Lessons from Duke Nukem
Everyone who plays games knows Duke Nukem 3D. A game where you blast aliens, with huge guns, gore and all-round mayhem. No, not much we can learn from that but the story of Duke Nukem didn’t end there.
The sequel, Duke Nukem Forever, was announced in April 1997.
In the years that followed, the title was highly anticipated. Then, as time went on, a little less anticipated. Until the game became a running joke. Well, it came out finally on Friday. 14 years later.
And I’m not sure anybody really cares. It’s really just a curiosity at this stage. As such, its sales may not end up being all that terrible. But it’s not how it was meant to be. It’s not the smash of hype and controversy that I’m sure they were planning for in the late ’90s.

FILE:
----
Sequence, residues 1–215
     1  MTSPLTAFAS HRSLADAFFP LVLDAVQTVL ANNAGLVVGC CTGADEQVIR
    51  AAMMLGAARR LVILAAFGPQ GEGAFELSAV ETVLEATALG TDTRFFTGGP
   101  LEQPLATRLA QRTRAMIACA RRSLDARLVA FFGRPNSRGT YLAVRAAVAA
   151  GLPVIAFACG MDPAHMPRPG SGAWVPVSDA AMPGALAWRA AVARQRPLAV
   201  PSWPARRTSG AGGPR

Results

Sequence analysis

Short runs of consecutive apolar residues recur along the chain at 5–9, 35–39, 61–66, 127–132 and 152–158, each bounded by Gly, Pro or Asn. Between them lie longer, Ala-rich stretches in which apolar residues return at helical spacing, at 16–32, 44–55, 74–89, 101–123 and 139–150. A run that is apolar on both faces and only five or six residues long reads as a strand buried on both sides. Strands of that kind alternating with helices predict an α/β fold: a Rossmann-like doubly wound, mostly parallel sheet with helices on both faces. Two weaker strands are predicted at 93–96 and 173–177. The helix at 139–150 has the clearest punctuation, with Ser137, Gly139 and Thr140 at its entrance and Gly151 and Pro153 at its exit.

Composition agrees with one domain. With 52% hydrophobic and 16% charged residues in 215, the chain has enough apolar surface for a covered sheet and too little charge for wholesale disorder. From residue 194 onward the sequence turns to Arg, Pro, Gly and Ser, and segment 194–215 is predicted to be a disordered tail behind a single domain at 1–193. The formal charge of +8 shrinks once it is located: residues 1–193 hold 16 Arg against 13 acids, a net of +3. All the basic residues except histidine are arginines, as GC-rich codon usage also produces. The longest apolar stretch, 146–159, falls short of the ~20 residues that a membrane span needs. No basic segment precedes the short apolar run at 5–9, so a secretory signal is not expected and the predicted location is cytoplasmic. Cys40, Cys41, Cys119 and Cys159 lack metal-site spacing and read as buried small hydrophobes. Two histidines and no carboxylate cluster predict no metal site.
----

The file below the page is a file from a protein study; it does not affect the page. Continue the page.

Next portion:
Steve Jobs, of Apple, Antennagate and more, is quoted as saying, “real artists ship”.
You can spend your life making the most amazing thing ever and it doesn’t matter a damn if you don’t get it out there. And you have to get it out there when people still care. My industry has no shortage of artists. But far fewer people who ship. Even I have drawers full of projects that just lost momentum because they didn’t get out there in time.
Those projects will never matter.
So, when working on anything, it’s important to bear in mind the fate of Duke Nukem Forever, a once highly anticipated game.